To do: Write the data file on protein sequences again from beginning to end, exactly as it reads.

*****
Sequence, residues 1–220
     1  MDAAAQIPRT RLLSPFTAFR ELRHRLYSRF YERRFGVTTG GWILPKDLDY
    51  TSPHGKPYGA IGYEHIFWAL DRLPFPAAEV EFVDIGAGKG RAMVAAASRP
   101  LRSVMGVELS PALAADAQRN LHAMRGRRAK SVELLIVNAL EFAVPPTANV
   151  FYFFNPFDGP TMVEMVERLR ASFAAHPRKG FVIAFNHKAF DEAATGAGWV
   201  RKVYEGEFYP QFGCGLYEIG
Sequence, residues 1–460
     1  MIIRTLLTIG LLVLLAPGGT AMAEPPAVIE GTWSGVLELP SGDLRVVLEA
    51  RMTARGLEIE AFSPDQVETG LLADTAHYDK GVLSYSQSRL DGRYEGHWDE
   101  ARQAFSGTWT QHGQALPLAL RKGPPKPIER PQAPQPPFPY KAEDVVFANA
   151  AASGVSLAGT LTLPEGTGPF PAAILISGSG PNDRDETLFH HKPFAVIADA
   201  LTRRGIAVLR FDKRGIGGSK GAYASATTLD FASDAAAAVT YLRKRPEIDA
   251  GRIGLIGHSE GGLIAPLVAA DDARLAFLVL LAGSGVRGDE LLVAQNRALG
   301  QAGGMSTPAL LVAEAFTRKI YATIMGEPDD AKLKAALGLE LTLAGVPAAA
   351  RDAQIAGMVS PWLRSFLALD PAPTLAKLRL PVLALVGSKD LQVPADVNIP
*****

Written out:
Sequence, residues 1–220
     1  MDAAAQIPRT RLLSPFTAFR ELRHRLYSRF YERRFGVTTG GWILPKDLDY
    51  TSPHGKPYGA IGYEHIFWAL DRLPFPAAEV EFVDIGAGKG RAMVAAASRP
   101  LRSVMGVELS PALAADAQRN LHAMRGRRAK SVELLIVNAL EFAVPPTANV
   151  FYFFNPFDGP TMVEMVERLR ASFAAHPRKG FVIAFNHKAF DEAATGAGWV
   201  RKVYEGEFYP QFGCGLYEIG
Sequence, residues 1–460
     1  MIIRTLLTIG LLVLLAPGGT AMAEPPAVIE GTWSGVLELP SGDLRVVLEA
    51  RMTARGLEIE AFSPDQVETG LLADTAHYDK GVLSYSQSRL DGRYEGHWDE
   101  ARQAFSGTWT QHGQALPLAL RKGPPKPIER PQAPQPPFPY KAEDVVFANA
   151  AASGVSLAGT LTLPEGTGPF PAAILISGSG PNDRDETLFH HKPFAVIADA
   201  LTRRGIAVLR FDKRGIGGSK GAYASATTLD FASDAAAAVT YLRKRPEIDA
   251  GRIGLIGHSE GGLIAPLVAA DDARLAFLVL LAGSGVRGDE LLVAQNRALG
   301  QAGGMSTPAL LVAEAFTRKI YATIMGEPDD AKLKAALGLE LTLAGVPAAA
   351  RDAQIAGMVS PWLRSFLALD PAPTLAKLRL PVLALVGSKD LQVPADVNIP